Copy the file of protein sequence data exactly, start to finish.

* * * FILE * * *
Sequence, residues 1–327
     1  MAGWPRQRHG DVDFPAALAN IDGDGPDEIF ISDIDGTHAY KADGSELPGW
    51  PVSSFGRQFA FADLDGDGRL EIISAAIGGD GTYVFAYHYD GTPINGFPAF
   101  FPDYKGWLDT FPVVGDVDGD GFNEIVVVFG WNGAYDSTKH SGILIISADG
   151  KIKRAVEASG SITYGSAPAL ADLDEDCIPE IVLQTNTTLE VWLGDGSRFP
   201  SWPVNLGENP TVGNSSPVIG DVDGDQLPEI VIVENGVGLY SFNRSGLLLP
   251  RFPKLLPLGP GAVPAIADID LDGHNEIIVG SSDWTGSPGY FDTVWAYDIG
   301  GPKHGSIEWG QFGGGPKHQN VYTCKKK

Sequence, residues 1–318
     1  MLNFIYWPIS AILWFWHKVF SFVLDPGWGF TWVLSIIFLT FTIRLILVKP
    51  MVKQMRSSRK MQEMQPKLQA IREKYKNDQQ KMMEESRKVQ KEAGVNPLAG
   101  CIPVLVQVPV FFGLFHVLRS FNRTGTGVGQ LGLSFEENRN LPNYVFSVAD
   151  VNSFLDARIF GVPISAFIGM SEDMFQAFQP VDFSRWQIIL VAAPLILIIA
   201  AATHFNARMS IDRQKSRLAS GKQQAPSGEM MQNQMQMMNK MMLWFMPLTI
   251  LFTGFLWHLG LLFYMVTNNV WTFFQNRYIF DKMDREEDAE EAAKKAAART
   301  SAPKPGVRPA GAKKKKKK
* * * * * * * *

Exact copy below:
Sequence, residues 1–327
     1  MAGWPRQRHG DVDFPAALAN IDGDGPDEIF ISDIDGTHAY KADGSELPGW
    51  PVSSFGRQFA FADLDGDGRL EIISAAIGGD GTYVFAYHYD GTPINGFPAF
   101  FPDYKGWLDT FPVVGDVDGD GFNEIVVVFG WNGAYDSTKH SGILIISADG
   151  KIKRAVEASG SITYGSAPAL ADLDEDCIPE IVLQTNTTLE VWLGDGSRFP
   201  SWPVNLGENP TVGNSSPVIG DVDGDQLPEI VIVENGVGLY SFNRSGLLLP
   251  RFPKLLPLGP GAVPAIADID LDGHNEIIVG SSDWTGSPGY FDTVWAYDIG
   301  GPKHGSIEWG QFGGGPKHQN VYTCKKK

Sequence, residues 1–318
     1  MLNFIYWPIS AILWFWHKVF SFVLDPGWGF TWVLSIIFLT FTIRLILVKP
    51  MVKQMRSSRK MQEMQPKLQA IREKYKNDQQ KMMEESRKVQ KEAGVNPLAG
   101  CIPVLVQVPV FFGLFHVLRS FNRTGTGVGQ LGLSFEENRN LPNYVFSVAD
   151  VNSFLDARIF GVPISAFIGM SEDMFQAFQP VDFSRWQIIL VAAPLILIIA
   201  AATHFNARMS IDRQKSRLAS GKQQAPSGEM MQNQMQMMNK MMLWFMPLTI
   251  LFTGFLWHLG LLFYMVTNNV WTFFQNRYIF DKMDREEDAE EAAKKAAART
   301  SAPKPGVRPA GAKKKKKK